Survey Data

Reg No




Categories of Special Interest

Architectural, Artistic, Social

Original Use


In Use As



1870 - 1900


219657, 393088

Date Recorded


Date Updated



Freestanding double-height Catholic church, built 1872-5 and extended in 1893-6, having six-bay nave to the west with side aisles to either side (north and south), shallow single-bay double-height chancel to the east, three-bay single-storey gable-fronted sacristy attached to the south elevation of chancel, and with offset four-stage belltower (on square-plan) to the north-west corner, added 1893-5, having broached spire over (on octagonal-plan), and with engaged two-stage stair tower (on semi circular-plan) attached to the south-west angle. Additional works carried out in 1903. Pitched natural slate roof to main body of building, mono-pitched roof to aisles (recently renewed) having terracotta ridge tiles, cut stone corbelled eaves courses, raised cut stone verges to the gable ends having cut stone Celtic cross finials to the gable apexes and cut stone kneeler stones with gabled faces to the eaves, and with cast-iron and replacement rainwater goods; pitched natural slate roof to sacristy (recently renewed) having terracotta ridge cresting, cut stone corbelled eaves course, raised cut stone verge to the gable with cut stone Celtic cross finial to the gable apex to south and cut stone kneeler stones with gabled faces to the eaves, and with modern rooflights. Ashlar construction to broached spire (on octagonal-plan), gabled lucarnes to cardinal points having cusped openings flanked by engaged pilasters and with wrought-iron cross finials over, corbelled eaves course, and surmounted by cut stone finial over with wrought-iron cross finial. Conical ashlar sandstone roof to stair turret having cut stone finial over. Squared and coursed mildly rock-faced rubble sandstone construction with chamfered ashlar sandstone plinth course, flush ashlar sandstone block-and-start quoins to the corners, and with stepped clasping buttresses to corners of chancel, nave and side aisles having ashlar sandstone quoins and feathered ashlar sandstone coping over. Engaged stepped ashlar sandstone pilasters (on square-plan) to corners of belltower above first stage level having flush ashlar block-and-start quoins to the corners, and with feathered ashlar coping over. Feathered battered ashlar sandstone construction to sections above cut stone stringcourse to tower and to base at belfry level. Paired cusped window openings to aisle having chamfered ashlar sandstone block-and-start surrounds, chamfered ashlar sills, and with cast-iron quarry-glazed windows; recessed cinquefoil openings to nave at clerestory level having ashlar sandstone surrounds, and leaded stained glass windows; two sets of paired cusped window openings to chancel gable having chamfered ashlar sandstone block-and-start surrounds with plate tracery with sexfoil opening over , chamfered ashlar sills, and with cast-iron quarry-glazed windows; figurative stained glass windows, and with hoodmouldings over with decorative label stops; octofoil window opening to chancel gable apex having ashlar surround and stained glass window; three graded lancet window openings to nave gable (west) having chamfered ashlar sandstone block-and-start surrounds, chamfered cut stone sills, and with cast-iron quarry-glazed windows. Paired square-headed window openings to sacristy having flush chamfered ashlar sandstone block-and-start surrounds, chamfered ashlar sill and lintel, and with cast-iron quarry-glazed windows. Paired cusped window openings to the west face of tower at ground floor level having flush ashlar surrounds, chamfered sills, and cast-iron quarry-glazed windows; quatrefoil and cinquefoil openings over at second and third stage level having cut stone surrounds and leaded windows; paired cusped openings at belfry level having ashlar sandstone surrounds with engaged colonnettes with foliate capitals, and with louvred fittings. Cusped window openings to stair tower having chamfered ashlar surrounds and leaded windows. Tudor-arched doorway to the north face of tower, set in pointed-arched recess with moulded ashlar sandstone surround, having timber double-doors with wrought-iron hinges, engaged marble colonnettes having carved foliate capitals, and with hoodmoulding over having carved faces to label stops; cusped statue niche over doorway to tower having carved statue of St. Patrick, and with cut stone hoodmoulding over. Pointed-arched doorway to the centre of the west elevation having staged ashlar sandstone surround, cut stone hoodmoulding with decorative label stops, and with timber double-doors with wrought-iron hinges. Square-headed doorway to the east elevation of sacristy having chamfered ashlar sandstone surround, and replacement timber door. Interesting interior with marble altar and multiple pinnacled reredos, arcades of pointed-arch openings to side aisles supported on polished granite columns with elaborate cut stone foliate capitals, chancel arch supported on carved cut stone capitals in the form of angels, carved timber gallery to the west gable end having carved timber parapet with quatrefoil perforations and with carved timber spandrels to supports, and open timber roof structure of three types of timber. Set back from road in own grounds to the west end of Crossroads, and to the south of Killygordon. Graveyard to site having mainly twentieth-century memorials. Rubble stone boundary wall to the north, partially rebuilt.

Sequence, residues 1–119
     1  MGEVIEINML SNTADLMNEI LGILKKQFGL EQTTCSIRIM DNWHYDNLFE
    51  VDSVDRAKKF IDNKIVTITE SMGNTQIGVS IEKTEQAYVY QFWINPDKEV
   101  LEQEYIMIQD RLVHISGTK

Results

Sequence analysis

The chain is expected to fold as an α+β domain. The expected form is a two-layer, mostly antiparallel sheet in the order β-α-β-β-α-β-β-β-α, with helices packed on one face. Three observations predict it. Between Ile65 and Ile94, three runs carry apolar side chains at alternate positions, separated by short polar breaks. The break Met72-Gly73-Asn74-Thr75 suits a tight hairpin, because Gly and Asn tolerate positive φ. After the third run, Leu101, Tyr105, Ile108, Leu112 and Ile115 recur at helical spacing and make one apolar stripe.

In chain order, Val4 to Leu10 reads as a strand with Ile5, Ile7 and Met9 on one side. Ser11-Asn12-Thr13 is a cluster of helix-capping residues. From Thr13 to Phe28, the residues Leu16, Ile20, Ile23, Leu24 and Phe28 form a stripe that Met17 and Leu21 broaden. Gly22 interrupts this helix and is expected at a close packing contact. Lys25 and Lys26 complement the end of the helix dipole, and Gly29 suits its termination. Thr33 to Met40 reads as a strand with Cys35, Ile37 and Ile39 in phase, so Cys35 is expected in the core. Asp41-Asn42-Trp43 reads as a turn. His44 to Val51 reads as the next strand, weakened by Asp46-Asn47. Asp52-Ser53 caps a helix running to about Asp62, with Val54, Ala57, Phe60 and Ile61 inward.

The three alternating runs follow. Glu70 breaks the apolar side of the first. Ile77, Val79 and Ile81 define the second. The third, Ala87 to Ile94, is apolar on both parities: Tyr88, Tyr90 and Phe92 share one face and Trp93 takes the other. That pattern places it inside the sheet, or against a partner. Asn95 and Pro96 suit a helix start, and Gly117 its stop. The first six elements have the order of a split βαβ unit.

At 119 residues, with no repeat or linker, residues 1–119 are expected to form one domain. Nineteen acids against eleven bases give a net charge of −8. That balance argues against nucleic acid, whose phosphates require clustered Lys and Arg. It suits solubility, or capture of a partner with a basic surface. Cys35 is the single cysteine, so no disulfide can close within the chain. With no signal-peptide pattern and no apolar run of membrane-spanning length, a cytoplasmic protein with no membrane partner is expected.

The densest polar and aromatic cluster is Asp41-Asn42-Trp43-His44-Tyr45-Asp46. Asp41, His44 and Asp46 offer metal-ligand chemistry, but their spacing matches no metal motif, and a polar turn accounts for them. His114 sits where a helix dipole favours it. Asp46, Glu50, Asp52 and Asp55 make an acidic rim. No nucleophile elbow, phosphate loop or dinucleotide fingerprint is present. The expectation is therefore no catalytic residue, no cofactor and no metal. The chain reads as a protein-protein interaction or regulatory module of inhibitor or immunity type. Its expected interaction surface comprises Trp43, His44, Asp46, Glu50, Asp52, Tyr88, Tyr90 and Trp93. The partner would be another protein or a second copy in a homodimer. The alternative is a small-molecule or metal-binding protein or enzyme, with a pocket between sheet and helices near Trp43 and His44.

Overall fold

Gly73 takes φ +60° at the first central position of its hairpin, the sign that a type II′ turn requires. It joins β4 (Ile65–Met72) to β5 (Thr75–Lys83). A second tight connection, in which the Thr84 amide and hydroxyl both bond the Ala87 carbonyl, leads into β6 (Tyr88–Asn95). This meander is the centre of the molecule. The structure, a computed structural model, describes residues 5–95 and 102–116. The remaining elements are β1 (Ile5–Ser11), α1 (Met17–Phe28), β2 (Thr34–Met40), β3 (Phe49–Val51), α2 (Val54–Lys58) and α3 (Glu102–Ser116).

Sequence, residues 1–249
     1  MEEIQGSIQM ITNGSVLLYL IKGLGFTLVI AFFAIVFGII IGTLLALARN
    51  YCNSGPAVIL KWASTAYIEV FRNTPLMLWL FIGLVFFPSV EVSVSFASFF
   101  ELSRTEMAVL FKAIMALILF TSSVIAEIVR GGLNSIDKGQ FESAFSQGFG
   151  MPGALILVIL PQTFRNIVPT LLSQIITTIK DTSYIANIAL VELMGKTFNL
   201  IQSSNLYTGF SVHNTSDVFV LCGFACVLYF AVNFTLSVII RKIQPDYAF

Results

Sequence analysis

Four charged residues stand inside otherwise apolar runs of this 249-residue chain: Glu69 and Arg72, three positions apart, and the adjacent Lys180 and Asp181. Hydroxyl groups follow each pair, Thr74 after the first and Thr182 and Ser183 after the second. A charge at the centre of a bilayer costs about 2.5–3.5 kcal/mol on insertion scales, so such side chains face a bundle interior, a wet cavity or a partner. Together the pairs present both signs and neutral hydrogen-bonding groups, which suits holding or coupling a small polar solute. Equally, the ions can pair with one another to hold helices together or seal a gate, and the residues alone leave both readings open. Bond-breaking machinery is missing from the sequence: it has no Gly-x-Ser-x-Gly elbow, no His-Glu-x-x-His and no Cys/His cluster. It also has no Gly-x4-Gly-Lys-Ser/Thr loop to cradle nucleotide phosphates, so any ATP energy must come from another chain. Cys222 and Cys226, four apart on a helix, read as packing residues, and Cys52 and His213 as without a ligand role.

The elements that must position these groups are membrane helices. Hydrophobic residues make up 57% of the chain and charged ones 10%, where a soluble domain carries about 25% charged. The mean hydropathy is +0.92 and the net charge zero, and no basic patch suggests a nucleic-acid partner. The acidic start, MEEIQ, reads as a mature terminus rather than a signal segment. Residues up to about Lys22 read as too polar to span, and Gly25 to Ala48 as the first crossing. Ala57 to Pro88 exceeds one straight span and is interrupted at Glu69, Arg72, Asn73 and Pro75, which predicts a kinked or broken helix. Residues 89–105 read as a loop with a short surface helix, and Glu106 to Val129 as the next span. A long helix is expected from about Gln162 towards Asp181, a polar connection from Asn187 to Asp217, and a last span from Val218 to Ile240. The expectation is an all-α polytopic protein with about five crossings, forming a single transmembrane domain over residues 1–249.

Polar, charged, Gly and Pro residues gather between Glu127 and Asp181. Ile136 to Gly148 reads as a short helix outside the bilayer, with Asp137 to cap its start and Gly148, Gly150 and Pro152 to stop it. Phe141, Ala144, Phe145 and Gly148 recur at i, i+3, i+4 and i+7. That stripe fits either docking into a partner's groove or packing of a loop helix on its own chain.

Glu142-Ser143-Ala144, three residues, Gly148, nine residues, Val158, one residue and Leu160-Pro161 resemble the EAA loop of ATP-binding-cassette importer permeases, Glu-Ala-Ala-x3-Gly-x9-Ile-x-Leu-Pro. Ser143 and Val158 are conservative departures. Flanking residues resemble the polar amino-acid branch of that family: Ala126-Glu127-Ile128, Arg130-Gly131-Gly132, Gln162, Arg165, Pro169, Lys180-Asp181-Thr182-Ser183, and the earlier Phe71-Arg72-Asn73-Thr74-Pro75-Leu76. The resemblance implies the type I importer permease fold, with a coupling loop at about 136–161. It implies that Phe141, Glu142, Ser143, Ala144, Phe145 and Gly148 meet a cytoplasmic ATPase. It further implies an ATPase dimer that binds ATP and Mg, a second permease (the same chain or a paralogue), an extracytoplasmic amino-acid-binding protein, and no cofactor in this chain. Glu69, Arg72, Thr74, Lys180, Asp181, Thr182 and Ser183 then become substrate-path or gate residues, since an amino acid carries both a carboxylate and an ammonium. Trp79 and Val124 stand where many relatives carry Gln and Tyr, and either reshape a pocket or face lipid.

This ambitious and well-detailed late nineteenth-century Catholic church, displaying the highest standards of design and artistic endeavour, is one of the best examples of its type and date in County Donegal. The pointed-arched openings, steeply pitched roofs, tall belltower with spire, clerestory level with cinquefoil openings, and the architectural massing etc. lend it a robust late Gothic Revival character. Of particular note is the majestic belltower with soaring slender broached spire over, which is constructed of the highest quality ashlar masonry and which dominates the landscape for miles around in all directions. The semi-circular stair turret to one corner of the tower is another interesting and noteworthy feature that further distinguishes the exterior of this feature of the building. The main body of the church is built using good quality masonry, while the finely carved and crisp ashlar sandstone detailing, particularly to the wide variety of window and door openings, is of high artistic merit and helps to elevate this building further above the majority of its contemporaries in Donegal and, indeed, throughout Ireland. The contrast between the dark and mildly rock-faced dimension stone and the pale and smooth ashlar and cut sandstone detailing creates an appealing textural and tonal contrast to the building. The rich and spacious interior has been recently reordered but remains noteworthy for the flamboyant open roof structure that is richly detailed in a variety of different timber\wood types, the arcades of arches to the side aisles with polished pink granite columns surmounted by very finely caved capitals having deeply incised mainly foliate decoration that is clearly the work of highly skilled craftsmen, the complex wood carvings to the gallery, and by the spiky pinnacled white marble reredos behind the alter. The interior is brightly-lit by figurative stained glass windows, some of which is the work of the renowned German company Mayer and Company of Munich. This striking church was built to designs by the firm O’Neill and Byrne, a noteworthy architectural firm with offices in Belfast and Dublin that was in operation from 1868\69 until the death of one of the partners (John O’Neill) in 1883. This firm carried out many commissions for the Catholic church, mainly in Ulster, including the designs for St. Agatha’s church at Clar, near Donegal Town (see 40909404), built between 1869 - 71, and the Church of St. Finian, Falcarragh, built in 1877. It was built for the then parish priest, the Revd. Edward Boyle, foundation stone was laid on the 12th April 1872 and it was dedicated on the 25th of April 1875. The belltower and spire were part of the original designs but were not built until 1893 - 5\6, possibly due to financial considerations. Further works (unknown; possibly works on the sacristy) were carried out in 1903 to designs by Edward Toye (1857 - 1902), a noted ecclesiastic architect in his own right, for the then parish priest, the Very Revd. Bernard McLaughlin. The present church replaced an earlier Catholic church at Crossroads, which was a simple T-plan structure that was in existence in 1837 (Ordnance Survey first edition six-inch map), and which was located adjacent to the west of the present edifice. Lieutenant Wilkinson’s ‘Statistical Survey of the Parish of Donaghmore’ (1836) records that this church ‘was built in 1790 at an expense of about 800 pounds, by subscription from the congregation. It will hold about 900 persons.’ This church was later partially converted for use as a school (Ordnance Survey twenty-five inch map sheet of c. 1902) but is now demolished. The site of the old church to the west, and of the present edifice, is surrounded by a graveyard with mainly late nineteenth and twentieth-century gravemarkers, some of which are finely carved. This fine church is one of the more important elements of the built heritage of County Donegal, and is a landmark structure in the landscape to the south-east of Stranorlar.